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Old 10-04-2012, 02:23 AM   #11
rexbanner
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Remember, commercial hop farms have hop harvesters. They cost $25-30k but automatically strip the vine for you.

This year I had trouble picking all my hops. I realized it is best to grow hops just for fresh hop beers. Get some friends over to help out, and give them free beer while they pick. Then brew a batch. It can be fun.

Next year I will definitely be making hop plugs, because my freezer is stuffed with hop bags. Get a bit of threaded steel pipe. Put a cap on one end. Then stuff the pipe with hops. Take a wooden dowel and use a sledgehammer to smash it in. Remove the cap and you have a plug. Then vacuum seal the plugs.


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Old 10-04-2012, 06:39 PM   #12
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Quote:
Originally Posted by rexbanner View Post
Remember, commercial hop farms have hop harvesters. They cost $25-30k but automatically strip the vine for you.
Keep going...$20 to $30k will get you a used Wolf but you will stick twice that into repairs and upgrades to get it to work.

We offer a harvester/sorter for under $13k but its not quite so "automatic".

The simplest homemade picker I've seen was a thing that looked like a guillotine. It had a weighted blade that came down on another blade. You would pull the bine through it a few times to strip off all the cones and leaves. Of course you still had to sort it out but it sped things up considerably.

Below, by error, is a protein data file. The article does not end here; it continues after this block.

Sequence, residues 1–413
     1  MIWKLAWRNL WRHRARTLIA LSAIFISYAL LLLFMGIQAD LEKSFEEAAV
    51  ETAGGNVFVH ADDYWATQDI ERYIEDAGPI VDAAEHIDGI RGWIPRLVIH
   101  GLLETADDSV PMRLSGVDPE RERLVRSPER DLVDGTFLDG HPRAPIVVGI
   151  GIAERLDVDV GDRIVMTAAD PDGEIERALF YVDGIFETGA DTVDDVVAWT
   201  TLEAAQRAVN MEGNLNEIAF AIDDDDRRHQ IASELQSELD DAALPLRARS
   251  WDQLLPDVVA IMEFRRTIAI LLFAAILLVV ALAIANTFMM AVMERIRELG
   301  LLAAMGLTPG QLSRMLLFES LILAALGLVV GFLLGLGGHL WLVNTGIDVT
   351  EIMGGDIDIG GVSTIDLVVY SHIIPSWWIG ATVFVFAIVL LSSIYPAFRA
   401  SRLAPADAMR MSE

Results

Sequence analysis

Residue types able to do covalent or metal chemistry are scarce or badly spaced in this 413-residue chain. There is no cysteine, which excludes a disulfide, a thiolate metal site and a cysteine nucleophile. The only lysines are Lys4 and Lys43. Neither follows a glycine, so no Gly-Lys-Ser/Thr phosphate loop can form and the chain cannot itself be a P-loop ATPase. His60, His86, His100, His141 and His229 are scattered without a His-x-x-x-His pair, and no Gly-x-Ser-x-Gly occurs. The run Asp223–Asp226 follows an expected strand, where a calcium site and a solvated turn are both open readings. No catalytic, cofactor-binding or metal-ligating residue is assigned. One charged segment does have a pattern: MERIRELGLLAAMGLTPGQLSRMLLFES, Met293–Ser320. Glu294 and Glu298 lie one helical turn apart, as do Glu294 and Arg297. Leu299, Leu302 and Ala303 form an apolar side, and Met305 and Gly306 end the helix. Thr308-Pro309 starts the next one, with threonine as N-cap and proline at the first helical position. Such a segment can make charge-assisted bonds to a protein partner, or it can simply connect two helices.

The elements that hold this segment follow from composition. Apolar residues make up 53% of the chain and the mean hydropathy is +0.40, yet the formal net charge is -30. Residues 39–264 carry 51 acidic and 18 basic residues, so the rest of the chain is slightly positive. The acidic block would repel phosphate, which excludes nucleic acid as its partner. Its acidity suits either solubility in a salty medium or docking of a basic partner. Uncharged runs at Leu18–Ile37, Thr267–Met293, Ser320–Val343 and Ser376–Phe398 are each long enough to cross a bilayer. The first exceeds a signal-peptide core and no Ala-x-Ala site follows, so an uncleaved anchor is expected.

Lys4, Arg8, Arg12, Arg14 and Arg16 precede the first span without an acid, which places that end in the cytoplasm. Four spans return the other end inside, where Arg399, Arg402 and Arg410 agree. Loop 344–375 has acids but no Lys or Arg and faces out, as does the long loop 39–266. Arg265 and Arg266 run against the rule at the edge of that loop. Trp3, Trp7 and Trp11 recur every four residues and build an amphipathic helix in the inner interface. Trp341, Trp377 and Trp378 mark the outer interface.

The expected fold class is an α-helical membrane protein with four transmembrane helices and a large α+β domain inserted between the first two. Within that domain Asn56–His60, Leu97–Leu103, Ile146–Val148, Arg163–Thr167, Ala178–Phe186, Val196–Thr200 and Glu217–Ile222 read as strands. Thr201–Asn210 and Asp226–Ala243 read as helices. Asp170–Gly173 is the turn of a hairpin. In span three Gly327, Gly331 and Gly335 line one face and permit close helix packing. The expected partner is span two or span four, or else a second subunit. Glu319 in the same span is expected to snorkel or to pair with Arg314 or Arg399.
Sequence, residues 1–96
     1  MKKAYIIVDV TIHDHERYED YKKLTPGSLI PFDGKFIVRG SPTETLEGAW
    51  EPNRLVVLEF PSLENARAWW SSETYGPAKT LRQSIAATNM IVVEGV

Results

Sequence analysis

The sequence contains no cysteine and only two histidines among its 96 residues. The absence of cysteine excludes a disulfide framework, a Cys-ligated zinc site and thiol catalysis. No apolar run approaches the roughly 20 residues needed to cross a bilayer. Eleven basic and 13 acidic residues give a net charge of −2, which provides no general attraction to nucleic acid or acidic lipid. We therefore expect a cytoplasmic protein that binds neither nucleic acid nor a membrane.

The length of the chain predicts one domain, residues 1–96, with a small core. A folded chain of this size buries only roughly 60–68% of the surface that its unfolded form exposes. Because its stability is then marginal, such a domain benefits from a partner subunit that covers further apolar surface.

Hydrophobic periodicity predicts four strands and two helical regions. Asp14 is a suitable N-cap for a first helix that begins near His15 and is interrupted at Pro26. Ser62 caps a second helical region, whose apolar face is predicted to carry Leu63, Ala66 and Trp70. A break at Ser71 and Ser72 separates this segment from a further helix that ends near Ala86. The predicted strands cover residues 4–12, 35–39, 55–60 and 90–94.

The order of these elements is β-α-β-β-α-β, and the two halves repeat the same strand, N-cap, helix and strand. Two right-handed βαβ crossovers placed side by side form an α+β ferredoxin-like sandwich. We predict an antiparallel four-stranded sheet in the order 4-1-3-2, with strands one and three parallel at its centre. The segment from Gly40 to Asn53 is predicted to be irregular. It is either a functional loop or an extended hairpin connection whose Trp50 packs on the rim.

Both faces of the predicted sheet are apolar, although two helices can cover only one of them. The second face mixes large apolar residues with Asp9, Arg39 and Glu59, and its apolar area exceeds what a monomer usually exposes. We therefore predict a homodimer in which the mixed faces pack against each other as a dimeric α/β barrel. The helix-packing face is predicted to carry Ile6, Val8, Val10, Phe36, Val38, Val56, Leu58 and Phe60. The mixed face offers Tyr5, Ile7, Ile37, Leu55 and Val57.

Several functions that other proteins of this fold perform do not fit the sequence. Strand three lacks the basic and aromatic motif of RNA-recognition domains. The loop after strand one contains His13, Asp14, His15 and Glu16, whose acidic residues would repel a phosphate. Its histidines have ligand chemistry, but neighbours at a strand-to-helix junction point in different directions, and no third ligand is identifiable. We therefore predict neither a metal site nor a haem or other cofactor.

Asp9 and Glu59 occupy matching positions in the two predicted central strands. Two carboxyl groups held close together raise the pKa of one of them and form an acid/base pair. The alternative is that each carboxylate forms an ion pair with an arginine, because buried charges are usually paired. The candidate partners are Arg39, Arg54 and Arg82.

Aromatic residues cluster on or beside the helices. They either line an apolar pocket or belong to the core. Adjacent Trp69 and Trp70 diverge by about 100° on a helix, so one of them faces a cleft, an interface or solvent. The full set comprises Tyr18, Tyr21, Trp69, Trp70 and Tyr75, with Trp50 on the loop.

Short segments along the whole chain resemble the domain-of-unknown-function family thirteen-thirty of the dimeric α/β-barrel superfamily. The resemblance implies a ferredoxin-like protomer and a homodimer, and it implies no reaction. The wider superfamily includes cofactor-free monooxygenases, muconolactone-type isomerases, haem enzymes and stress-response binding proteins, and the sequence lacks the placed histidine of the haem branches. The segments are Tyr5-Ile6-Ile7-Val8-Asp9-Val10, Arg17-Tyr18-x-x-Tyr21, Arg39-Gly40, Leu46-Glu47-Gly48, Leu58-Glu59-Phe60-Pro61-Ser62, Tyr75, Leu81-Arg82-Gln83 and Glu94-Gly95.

The worst I've seen looked like a lawn mower deck set on its side with a bunch of whirling blades and claws of doom spinning away. The "operator" threw the bine at it and cones, leaves, stems and what not went flying in every direction. I can't imagine that guy still has two arms and 10 fingers.



 
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Old 10-05-2012, 03:58 AM   #13
rexbanner
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Quote:
Originally Posted by GVH_Dan View Post
Keep going...$20 to $30k will get you a used Wolf but you will stick twice that into repairs and upgrades to get it to work.

We offer a harvester/sorter for under $13k but its not quite so "automatic".

The simplest homemade picker I've seen was a thing that looked like a guillotine. It had a weighted blade that came down on another blade. You would pull the bine through it a few times to strip off all the cones and leaves. Of course you still had to sort it out but it sped things up considerably.

The worst I've seen looked like a lawn mower deck set on its side with a bunch of whirling blades and claws of doom spinning away. The "operator" threw the bine at it and cones, leaves, stems and what not went flying in every direction. I can't imagine that guy still has two arms and 10 fingers.
Interesting. This homemade picker...can you describe it a little more? Do the blades point towards each other, literally like a guillotine?
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Old 10-05-2012, 02:46 PM   #14